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Texas House votes to remove school vouchers from massive education bill

By Zach Despart and Brian Lopez, The Texas Tribune

Texas House votes to remove school vouchers from massive education bill” was first published by The Texas Tribune, a nonprofit, nonpartisan media organization that informs Texans — and engages with them — about public policy, politics, government and statewide issues.

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​The Texas House on Friday voted to strip school vouchers from the chamber’s massive education funding bill, taking an ax to Gov. Greg Abbott’s top legislative priority of the year.

The House voted 84-63 in favor of an amendment offered by Rep. John Raney, R-College Station, which removed the provision of the bill allowing some parents to use tax dollars to send their children to private and religious schools. Twenty-one Republicans, most of whom represent rural districts, joined all Democrats in support.

They are: Raney, Steve Allison of San Antonio, Ernest Bailes of Shepherd, Keith Bell of Forney, DeWayne Burns of Cleburne, Travis Clardy of Nacogdoches, Drew Darby of San Angelo, Jay Dean of Longview, Charlie Geren of Fort Worth, Justin Holland of Rockwall, Kyle Kacal of College Station, Ken King of Canadian, John Kuempel of Seguin, Stan Lambert of Abilene, Andrew Murr of Junction, Four Price of Amarillo, Glenn Rogers of Graford, Hugh Shine of Temple, Reggie Smith of Sherman, Ed Thompson of Pearland and Gary VanDeaver of New Boston.

Voucher opponents said they feared the subsidy would divert money from their public school systems — either in the short term because students would leave for private schools, or in the long term because the state would have to commit more funding to the program that would otherwise fund public education. For many rural Republicans, they said they have few private schools in their districts where families could take advantage of vouchers.

The outcome was an embarrassment to Abbott, who spent seven months lobbying two dozen Republicans who signaled opposition to vouchers in a test vote during the regular legislative session in April. His various strategies included holding school choice rallies at private schools in rural areas, tying vouchers to increased public school funding, calling two special sessions dedicated to education, threatening to support primary challengers to Republicans who opposed vouchers and announcing a breakthrough deal with the holdouts that did not appear to exist.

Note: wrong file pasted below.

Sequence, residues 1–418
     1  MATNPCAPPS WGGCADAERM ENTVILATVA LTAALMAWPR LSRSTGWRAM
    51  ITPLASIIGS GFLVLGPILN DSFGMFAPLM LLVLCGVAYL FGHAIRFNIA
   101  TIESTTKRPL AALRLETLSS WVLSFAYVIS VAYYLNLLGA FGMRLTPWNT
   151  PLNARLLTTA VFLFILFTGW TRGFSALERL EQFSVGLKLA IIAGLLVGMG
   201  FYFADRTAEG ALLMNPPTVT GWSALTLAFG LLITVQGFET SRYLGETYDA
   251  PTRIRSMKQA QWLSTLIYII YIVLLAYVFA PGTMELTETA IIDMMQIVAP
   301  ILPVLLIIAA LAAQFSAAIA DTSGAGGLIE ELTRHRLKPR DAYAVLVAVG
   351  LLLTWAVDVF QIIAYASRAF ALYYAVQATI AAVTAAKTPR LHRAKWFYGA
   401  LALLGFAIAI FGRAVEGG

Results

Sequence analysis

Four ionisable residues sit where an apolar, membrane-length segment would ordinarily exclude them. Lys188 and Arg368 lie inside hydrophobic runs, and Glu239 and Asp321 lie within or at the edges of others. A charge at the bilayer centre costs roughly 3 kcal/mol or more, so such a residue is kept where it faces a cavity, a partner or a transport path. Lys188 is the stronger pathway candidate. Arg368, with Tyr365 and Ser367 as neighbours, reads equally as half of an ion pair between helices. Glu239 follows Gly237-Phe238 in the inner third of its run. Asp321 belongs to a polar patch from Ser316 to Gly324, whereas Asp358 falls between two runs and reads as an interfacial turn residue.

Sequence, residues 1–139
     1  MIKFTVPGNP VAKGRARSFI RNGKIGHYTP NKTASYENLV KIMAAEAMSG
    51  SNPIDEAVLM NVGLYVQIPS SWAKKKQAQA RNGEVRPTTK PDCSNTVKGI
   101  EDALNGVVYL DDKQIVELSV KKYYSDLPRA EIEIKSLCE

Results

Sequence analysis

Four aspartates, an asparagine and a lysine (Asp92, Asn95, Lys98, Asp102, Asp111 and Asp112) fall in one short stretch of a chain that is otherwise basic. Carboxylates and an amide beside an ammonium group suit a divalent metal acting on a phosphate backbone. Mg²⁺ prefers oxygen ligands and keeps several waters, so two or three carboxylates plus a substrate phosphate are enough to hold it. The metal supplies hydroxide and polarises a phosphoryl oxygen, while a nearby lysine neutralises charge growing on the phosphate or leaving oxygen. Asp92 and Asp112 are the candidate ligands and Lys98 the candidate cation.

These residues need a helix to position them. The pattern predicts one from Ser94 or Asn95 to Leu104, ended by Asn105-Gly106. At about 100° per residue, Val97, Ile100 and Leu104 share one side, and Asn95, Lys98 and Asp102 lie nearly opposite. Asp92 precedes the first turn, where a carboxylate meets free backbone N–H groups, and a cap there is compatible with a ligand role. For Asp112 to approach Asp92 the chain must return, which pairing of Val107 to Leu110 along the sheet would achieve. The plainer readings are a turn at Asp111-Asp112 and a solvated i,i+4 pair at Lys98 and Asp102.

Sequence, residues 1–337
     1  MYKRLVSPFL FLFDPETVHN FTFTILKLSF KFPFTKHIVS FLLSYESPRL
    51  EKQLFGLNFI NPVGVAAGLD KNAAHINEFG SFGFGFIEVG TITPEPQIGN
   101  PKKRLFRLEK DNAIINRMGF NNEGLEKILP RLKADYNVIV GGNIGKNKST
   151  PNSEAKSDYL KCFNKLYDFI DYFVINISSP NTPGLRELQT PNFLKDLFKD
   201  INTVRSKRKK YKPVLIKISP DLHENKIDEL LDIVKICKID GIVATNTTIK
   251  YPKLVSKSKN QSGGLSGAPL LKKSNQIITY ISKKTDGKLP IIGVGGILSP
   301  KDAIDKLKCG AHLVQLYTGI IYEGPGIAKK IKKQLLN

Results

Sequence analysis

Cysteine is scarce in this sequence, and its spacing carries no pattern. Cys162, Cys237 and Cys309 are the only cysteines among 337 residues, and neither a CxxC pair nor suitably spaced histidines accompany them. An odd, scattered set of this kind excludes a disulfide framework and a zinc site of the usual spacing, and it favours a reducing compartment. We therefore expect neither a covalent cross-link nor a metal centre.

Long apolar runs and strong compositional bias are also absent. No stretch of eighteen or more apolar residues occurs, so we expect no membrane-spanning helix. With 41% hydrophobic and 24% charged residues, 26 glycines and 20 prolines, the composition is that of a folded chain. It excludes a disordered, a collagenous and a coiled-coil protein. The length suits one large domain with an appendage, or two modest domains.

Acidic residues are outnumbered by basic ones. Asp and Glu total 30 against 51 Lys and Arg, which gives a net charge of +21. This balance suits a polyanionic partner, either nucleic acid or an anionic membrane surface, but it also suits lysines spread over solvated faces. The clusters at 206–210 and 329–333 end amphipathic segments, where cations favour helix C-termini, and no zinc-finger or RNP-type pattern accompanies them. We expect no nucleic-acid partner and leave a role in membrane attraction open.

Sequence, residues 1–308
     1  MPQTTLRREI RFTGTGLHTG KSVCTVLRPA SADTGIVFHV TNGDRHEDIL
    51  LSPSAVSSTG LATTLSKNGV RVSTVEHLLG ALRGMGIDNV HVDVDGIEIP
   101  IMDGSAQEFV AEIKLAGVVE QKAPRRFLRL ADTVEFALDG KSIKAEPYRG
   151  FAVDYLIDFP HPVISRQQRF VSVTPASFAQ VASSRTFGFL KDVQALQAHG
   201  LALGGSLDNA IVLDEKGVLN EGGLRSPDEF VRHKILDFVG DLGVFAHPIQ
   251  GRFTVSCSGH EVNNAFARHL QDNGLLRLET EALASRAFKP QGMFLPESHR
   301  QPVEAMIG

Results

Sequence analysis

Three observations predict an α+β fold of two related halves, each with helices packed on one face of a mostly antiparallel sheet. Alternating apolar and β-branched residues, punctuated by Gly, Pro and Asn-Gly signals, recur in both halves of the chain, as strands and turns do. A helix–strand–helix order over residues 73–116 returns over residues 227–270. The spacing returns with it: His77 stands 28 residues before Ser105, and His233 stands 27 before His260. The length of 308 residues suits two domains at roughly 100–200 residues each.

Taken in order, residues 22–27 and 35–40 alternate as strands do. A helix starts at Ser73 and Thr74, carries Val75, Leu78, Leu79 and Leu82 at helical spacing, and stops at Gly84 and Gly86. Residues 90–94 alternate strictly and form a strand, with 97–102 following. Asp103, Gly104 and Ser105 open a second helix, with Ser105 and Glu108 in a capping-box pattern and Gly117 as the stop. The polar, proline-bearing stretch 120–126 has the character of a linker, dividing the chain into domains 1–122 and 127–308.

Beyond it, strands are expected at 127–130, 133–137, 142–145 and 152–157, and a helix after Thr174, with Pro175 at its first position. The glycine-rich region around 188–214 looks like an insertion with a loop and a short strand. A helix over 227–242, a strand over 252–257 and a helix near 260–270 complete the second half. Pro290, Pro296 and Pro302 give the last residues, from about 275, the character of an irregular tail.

None of it worked.

Just four of the Republican holdouts from the April test vote changed their position to vote against the anti-voucher amendment on Friday: Trent Ashby of Lufkin, Brooks Landgraf of Odessa, Angelia Orr of Itasca and David Spiller of Jacksboro. But Thompson was a new anti-voucher vote, bringing the governor’s net gain to three.

Even the barnstorming of rural districts failed to produce the desired effect. At a pro-voucher rally in Bryan last year, Abbott was joined by the local state representative — Raney, who led the push against vouchers Friday.

[“Our public school system is our town”: Why this rural Republican is voting against school vouchers]

“I believe in my heart that using taxpayer dollars to fund an entitlement program is not conservative, and it’s bad public policy,” Raney, who is not seeking reelection, said on the House floor. “Expanding government-defined choice programs for a few without accountability… undermines our constitutional and moral duty to educate the children of Texas.”

Abbott, in a statement Friday evening, did not concede defeat.

“Today’s vote is just another step on the path to provide school choice for parents and students across Texas,” the governor said. “I will continue advancing school choice in the Texas Legislature and at the ballot box… until all parents can choose the best education path for their child. I am in it to win it.”

In his statement he took a dig at the “pro-union Republicans in the Texas House who voted with Democrats.”

For years, that coalition of Democrats and rural Republicans have joined together to block attempts to create a voucher system in Texas.

That alliance held Friday afternoon.

The bill, authored by Rep. Brad Buckley, R-Killeen, is a $7 billion omnibus bill that would also boost spending for public schools. It would increase the basic allotment — the base amount allocated to districts per student — from $6,160 to $6,700 and would be adjusted for inflation starting in the 2026-27 school year. It also includes a one-time $4,000 bonus for full-time teachers, counselors, nurses and librarians.

But its key provision was school vouchers. The provision which was stripped would have created education savings accounts, a voucher program that would allow about 40,000 students who exit the state’s public education system to either receive $10,500 annually for private school expenses or up to $1,000 for homeschooling. The program would have prioritized students from low-income families and those with disabilities, but with every child eligible for the money as funds allowed.